Mercedes-AMG F1: grown in Britain
Our motorsport industry has its roots in war, and the inherent resilience that created brings hope for post-pandemic prosperity
Did you spot, during the early weeks of the coronavirus pandemic, the rash of stories about Britain’s motorsport companies turning their expertise to the sudden and overwhelming medical demand? The response did the industry proud, but it was hardly a surprise.
Engineers are the first people to turn to in a crisis, because they by definition relish the challenge of finding rapid, effective and practical solutions, and some of the brightest and most innovative in the UK are among the 25,000 employed in the business of racing. Adapting under intense pressure and making key decisions based on scientific logic? That’s just what they do, day in, day out, in workshops, paddocks, pit lanes and rally service parks around the world.
It’s easy to be cynical about rallying calls to evoke the ‘Dunkirk spirit’, but given the challenges Covid-19 presents, it’s perhaps understandable to draw inspiration from this country’s darkest hour.
In motorsport, there’s a similar old cliché that compares the white heat of competition to warfare, specifically in terms of the development of new technology – but it’s only a cliché because it carries more than a grain of truth. Draw a line from today’s highly evolved Formula 1 teams – seven of which are based in the UK – and it runs directly back to the Second World War.
“Engineers back then laid the foundations for British motorsport, because what was required was a rapid response to develop ideas to fight and win battles on land, sea and air,” says Chris Aylett, chief executive for UK trade body the Motorsport Industry Association. “In aviation, the war created a lightweight, high-speed, aerodynamically driven competitive challenge that engineers developed novel solutions for every day – and if they failed, people died. When the planes came back safely, the solutions were deemed to have worked…”
Out of that life-or-death necessity emerged a post-war generation bursting with ideas, a number of whom channelled their energy into the re-emerging sport of motor racing. By the late 1950s, the likes of Cooper and Lotus were harnessing technologies born directly from the Battle of Britain to conquer grand prix racing. By the 1960s, the British revolution had not only overrun F1 but even the trenchantly parochial Indianapolis 500, too – and that nascent bud of industry has continued to bloom. Its roots run so deep and strong that its 4000 firms – from small, artisan specialists to 1200-strong, manufacturer-owned F1 behemoths – exist here, unopposed in the centre of the motorsport universe.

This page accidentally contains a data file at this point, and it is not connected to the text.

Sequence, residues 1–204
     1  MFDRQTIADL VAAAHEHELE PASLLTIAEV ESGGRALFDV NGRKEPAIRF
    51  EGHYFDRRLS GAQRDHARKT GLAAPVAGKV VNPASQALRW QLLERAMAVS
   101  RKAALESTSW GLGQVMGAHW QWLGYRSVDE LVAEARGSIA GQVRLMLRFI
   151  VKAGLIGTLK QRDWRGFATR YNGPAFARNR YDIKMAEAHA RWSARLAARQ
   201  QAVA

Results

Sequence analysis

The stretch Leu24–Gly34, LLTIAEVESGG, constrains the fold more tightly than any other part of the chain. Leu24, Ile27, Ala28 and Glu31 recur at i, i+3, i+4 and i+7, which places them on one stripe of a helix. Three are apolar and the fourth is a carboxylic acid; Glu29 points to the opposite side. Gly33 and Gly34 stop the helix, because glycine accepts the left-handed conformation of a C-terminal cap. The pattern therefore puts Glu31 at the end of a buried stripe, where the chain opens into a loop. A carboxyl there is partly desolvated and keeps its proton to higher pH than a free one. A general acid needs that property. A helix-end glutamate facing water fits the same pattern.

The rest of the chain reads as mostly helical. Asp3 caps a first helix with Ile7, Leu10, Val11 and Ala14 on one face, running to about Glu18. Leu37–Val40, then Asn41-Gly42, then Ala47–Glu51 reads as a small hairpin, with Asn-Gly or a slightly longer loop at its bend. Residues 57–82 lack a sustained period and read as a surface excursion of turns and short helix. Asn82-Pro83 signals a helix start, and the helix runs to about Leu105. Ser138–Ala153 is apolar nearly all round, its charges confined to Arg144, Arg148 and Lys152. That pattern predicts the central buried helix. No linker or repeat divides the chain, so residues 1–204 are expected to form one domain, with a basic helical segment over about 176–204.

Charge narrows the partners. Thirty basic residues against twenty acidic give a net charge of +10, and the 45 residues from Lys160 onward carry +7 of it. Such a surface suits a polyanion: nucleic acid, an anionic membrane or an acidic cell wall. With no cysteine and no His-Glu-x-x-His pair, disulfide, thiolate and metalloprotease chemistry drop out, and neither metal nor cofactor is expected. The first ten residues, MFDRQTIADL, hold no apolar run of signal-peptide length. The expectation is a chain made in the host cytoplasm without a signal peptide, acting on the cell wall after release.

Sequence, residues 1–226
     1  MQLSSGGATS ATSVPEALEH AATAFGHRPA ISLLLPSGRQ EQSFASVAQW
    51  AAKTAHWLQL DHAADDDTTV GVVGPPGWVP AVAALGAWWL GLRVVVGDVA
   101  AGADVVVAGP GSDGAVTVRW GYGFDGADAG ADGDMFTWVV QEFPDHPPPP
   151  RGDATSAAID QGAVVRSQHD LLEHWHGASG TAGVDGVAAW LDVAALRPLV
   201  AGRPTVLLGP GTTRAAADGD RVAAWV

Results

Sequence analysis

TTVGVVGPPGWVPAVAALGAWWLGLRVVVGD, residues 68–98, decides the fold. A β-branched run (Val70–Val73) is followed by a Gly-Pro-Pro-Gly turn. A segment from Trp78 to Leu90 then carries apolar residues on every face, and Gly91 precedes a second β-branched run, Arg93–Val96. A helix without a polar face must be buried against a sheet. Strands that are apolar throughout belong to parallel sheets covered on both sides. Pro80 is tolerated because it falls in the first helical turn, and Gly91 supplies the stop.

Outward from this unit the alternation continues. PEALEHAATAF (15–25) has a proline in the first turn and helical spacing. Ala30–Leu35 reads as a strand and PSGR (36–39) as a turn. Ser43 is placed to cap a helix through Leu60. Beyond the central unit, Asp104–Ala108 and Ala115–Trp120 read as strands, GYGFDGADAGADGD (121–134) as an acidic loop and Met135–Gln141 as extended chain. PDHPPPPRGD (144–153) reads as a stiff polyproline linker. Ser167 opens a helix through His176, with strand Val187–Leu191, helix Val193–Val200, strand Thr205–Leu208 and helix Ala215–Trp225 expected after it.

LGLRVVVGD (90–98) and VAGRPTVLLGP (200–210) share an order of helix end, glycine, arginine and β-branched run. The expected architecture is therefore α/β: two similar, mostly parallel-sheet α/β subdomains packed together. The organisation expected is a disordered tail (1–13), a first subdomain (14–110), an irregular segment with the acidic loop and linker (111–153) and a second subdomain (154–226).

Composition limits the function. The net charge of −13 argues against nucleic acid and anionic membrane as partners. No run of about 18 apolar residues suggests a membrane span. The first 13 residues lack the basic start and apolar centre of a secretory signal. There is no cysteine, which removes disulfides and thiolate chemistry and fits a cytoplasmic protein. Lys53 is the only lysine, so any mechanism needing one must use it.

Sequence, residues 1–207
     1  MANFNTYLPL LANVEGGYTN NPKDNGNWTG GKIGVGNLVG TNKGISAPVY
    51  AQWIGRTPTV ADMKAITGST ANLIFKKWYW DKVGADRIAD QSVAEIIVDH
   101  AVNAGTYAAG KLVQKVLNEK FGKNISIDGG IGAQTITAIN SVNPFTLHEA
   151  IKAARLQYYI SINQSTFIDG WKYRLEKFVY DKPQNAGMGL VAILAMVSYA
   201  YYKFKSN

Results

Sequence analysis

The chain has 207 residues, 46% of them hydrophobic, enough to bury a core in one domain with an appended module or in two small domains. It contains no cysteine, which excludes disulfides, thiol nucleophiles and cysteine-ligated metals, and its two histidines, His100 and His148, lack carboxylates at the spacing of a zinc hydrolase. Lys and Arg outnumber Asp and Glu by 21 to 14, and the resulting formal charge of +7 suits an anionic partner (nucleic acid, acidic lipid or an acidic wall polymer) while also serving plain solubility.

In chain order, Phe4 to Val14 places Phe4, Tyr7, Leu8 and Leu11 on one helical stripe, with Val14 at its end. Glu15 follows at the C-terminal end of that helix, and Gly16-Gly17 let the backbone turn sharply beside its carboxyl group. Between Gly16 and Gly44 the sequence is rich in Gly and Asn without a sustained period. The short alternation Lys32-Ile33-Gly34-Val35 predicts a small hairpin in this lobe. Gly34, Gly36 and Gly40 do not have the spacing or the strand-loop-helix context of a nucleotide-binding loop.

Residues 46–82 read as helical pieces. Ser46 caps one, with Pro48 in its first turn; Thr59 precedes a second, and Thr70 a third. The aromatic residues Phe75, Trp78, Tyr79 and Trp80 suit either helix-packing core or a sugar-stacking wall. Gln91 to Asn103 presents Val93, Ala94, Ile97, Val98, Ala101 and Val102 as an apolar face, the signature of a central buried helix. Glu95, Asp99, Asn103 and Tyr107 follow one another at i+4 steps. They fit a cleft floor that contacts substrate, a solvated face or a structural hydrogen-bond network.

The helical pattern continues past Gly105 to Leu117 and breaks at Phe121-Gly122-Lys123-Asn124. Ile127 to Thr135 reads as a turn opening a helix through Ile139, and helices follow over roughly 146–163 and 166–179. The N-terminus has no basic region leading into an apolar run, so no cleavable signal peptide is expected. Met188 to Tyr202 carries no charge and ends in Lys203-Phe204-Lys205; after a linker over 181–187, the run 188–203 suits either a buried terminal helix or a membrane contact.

Want a prime example of the UK’s eminence? Mercedes-AMG F1. For all of Germany’s industrial might, Daimler chose not one but two small towns in Middle England in which to settle its six-time championship-winning super-team and affiliated technology development hub. That investment benefits from the mature and complex network of specialist suppliers, as well as from the UK’s home-grown and international workforce – many of whom have been educated at British universities that offer specific and world-renowned motorsport engineering courses. Like all the best success stories, the British motorsport industry is built on the shoulders of the people who drive it.
Don’t skip the commercials
That initial surge of technology catapulted out of the war accelerated from the 1960s because of the increasing commercial potential recognised in motorsport. “TV has been the core catalyst in the change of sport’s role within society,” says Hugh Chambers, CEO of governing body Motorsport UK. “What is particularly compelling for broadcasters is that sport is very ‘sticky’: people want to go back and watch it time and again. Produce sitcoms or quiz shows and it’s very difficult to predict which ones are going to stick. Football, horse racing, motor racing: it’s all bankable. As TV expanded, bidding wars for rights increased and money started flowing into the sport.